How Should My Garden Grow?

How can you most effectively reduce your carbon footprint through your choice of what food you grow yourself?


Growing your own food is often, and justifiably, talked about as an effective way to reduce your carbon footprint by avoiding the environmental impact of food miles and out-of-season veg from the supermarket. In the UK, between 20 and 30 per cent of our annual greenhouse gas emissions come from agriculture – from pesticide use to refrigeration and transportation.

Over half the world’s population now reside in urban areas, and urban food production is becoming increasingly popular as a way to mitigate climate change, improve food quality and reduce personal carbon footprints.

The variety of herbs, fruit and vegetables grown by allotment holders, community farms and the like are endless – just take a wander around the town of Todmorden for example, where peppers grow outside the police station in homage to the Beatles, and the hospital boasts an apothecary garden with herbal remedies galore.

However, for those just starting to venture into the world of grow-your-own, especially those doing so from a concern to reduce their impact on our planet’s delicate climate, choosing what to grow can be an overwhelming experience. This is especially true if you, like the vast majority of us that live in urban areas, suffer from limited growing space. What on earth should you choose – what is the most effective way to grow food and save the planet?


Michal Kulak, Anil Graves and Julia Chatterton are three academics concerned with the above issues, and luckily for the new grower, they have undertaken the science for you. Their study of a community garden in London that was published in 2012 compared the greenhouse gas emissions, and potential greenhouse gas emission savings, of a number of commonly-grown fruit and vegetables in order to discover which crops had the largest potential for greenhouse gas emission reduction when compared to those of the conventional food supply chain. They took into account yield differences between organic and conventional cropping, embodied emissions (that is, the greenhouse gas emissions of building a polytunnel were taken into account when accounting for the emissions of the crops grown within that polytunnel), and emissions from food transportation.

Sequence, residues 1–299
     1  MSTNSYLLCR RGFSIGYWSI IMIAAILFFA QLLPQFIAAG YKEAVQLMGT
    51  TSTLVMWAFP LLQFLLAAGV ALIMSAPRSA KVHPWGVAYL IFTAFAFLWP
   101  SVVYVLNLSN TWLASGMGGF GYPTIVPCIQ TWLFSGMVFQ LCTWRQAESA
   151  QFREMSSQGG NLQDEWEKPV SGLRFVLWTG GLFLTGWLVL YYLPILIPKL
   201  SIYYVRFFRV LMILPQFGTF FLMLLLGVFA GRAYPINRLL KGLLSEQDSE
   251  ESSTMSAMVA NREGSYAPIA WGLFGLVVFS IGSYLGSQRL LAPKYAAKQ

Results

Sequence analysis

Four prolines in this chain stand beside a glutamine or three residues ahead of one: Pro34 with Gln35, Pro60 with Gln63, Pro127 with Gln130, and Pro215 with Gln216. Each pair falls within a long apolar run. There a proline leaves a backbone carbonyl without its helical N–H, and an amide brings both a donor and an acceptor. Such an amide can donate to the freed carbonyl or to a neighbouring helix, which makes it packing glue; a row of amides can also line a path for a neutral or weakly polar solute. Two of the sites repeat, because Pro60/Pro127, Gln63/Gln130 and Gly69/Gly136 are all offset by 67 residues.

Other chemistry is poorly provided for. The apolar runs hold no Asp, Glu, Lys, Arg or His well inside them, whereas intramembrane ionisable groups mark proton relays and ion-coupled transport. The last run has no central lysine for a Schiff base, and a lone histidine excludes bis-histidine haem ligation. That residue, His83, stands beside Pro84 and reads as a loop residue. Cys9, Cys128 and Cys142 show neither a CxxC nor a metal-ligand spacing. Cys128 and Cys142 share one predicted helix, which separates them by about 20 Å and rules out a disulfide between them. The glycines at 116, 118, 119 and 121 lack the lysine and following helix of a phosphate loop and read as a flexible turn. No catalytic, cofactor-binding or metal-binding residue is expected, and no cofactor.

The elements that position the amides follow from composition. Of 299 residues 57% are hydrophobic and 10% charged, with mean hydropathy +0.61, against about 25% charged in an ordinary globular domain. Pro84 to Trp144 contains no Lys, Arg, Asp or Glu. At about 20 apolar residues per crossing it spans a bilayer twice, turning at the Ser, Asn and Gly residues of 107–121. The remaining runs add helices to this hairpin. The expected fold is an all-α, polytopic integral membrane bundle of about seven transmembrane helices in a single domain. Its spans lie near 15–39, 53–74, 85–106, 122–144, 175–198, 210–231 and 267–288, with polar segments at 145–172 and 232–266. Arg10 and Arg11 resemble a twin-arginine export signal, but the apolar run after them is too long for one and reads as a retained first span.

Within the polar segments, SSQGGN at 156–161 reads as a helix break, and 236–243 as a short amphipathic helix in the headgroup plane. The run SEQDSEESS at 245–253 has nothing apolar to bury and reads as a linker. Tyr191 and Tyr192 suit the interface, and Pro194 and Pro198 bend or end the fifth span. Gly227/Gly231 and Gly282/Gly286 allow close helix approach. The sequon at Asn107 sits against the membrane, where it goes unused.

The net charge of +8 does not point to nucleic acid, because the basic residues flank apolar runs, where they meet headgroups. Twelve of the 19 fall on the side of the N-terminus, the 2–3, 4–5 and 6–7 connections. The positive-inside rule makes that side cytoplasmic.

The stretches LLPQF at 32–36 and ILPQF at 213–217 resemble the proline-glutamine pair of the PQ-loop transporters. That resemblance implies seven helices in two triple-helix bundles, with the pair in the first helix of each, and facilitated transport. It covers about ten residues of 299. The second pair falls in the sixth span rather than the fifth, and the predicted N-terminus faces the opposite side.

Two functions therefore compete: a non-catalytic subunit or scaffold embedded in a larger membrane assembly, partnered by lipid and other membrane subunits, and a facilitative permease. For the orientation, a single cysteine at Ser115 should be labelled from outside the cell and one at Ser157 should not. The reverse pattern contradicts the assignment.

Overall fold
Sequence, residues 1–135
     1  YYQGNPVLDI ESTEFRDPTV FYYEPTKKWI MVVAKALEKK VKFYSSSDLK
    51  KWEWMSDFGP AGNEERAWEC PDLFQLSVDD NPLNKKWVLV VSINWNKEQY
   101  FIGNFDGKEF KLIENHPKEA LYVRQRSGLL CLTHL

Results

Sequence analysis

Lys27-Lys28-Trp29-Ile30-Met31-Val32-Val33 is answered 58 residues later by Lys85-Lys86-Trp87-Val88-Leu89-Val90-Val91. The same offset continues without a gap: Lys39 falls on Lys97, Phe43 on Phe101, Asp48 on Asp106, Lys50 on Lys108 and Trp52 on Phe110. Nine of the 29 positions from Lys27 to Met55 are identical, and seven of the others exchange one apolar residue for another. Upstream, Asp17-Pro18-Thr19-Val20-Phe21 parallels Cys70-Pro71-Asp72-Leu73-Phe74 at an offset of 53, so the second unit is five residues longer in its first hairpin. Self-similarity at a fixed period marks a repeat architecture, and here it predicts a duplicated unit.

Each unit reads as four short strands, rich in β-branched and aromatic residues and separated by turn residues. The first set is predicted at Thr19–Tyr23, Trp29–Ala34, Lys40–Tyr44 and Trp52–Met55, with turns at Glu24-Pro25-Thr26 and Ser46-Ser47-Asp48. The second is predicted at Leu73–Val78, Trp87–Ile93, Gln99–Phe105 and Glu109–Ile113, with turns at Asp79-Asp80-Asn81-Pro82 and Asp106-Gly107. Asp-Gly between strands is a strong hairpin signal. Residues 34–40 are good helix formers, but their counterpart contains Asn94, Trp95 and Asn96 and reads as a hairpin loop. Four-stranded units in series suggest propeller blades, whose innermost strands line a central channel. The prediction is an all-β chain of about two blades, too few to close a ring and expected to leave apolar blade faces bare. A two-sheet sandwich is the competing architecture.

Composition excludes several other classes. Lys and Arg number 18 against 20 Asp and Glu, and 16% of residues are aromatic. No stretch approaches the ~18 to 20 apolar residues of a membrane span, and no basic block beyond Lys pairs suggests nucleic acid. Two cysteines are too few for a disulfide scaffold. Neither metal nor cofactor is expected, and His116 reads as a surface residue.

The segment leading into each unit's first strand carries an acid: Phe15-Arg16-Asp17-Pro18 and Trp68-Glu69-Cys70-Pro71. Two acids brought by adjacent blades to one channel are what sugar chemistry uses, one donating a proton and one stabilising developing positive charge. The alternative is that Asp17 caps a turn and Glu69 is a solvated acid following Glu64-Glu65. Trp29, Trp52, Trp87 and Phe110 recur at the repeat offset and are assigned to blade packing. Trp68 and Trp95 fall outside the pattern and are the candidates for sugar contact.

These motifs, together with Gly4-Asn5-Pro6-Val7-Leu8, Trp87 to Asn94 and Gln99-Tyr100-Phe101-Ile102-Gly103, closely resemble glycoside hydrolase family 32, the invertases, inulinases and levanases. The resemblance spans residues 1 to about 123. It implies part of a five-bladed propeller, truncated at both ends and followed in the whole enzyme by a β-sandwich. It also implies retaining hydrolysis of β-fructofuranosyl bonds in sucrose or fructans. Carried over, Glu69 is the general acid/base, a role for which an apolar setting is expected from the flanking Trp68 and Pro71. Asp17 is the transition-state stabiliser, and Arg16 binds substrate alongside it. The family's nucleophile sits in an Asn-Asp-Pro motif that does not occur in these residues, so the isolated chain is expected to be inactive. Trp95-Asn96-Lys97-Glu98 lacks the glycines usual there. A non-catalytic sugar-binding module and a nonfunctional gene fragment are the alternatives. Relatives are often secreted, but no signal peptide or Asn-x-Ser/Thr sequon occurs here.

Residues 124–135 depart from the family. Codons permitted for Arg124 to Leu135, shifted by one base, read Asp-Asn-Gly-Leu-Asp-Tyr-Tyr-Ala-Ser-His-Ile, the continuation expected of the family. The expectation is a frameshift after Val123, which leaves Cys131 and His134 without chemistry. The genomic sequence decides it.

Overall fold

Here, then, are the top ten fruit and vegetables that the new grower concerned with reducing their carbon footprint should investigate growing:

  1. Spring beans (relative global warming potential savings compared to conventional supply chain = 99%)
  2. Courgettes (98%)
  3. Autumn beans (95%)
  4. Peppers (95%)
  5. Pumpkins (91%)
  6. Spinach (91%)
  7. Apples (84%)
  8. Autumn lettuce (81%)
  9. Spring lettuce (79%)
  10. Tomatoes – grown outside (69%) or in a polytunnel (66%)


Luckily for the new (or even not so new) grower, all of the above fruits and vegetables are commonly grown throughout the UK in a variety of conditions – it shouldn’t be hard to get stuck in producing your own with any of the above!

On the other end of the spectrum, the researchers also discovered that if you are planning to grow strawberries in your polytunnel, you probably shouldn’t bother – it turns out that buying them from the supermarket is probably more climate-friendly (the locally-grown polytunnel strawberries actually had a negative climate impact compared to the conventional supply chain strawberries).

On all other counts, own-grown or community-grown fruit and veg turned out to be far more beneficial for the climate than purchasing produce from the conventional supply chain.

So enjoy your home-grown spring beans and courgettes in the knowledge that the climate enjoys them too.

Published by

Miriam Dobson

PhD researcher at the University of Sheffield. Soil, urban food, allotments, ecosystem services.

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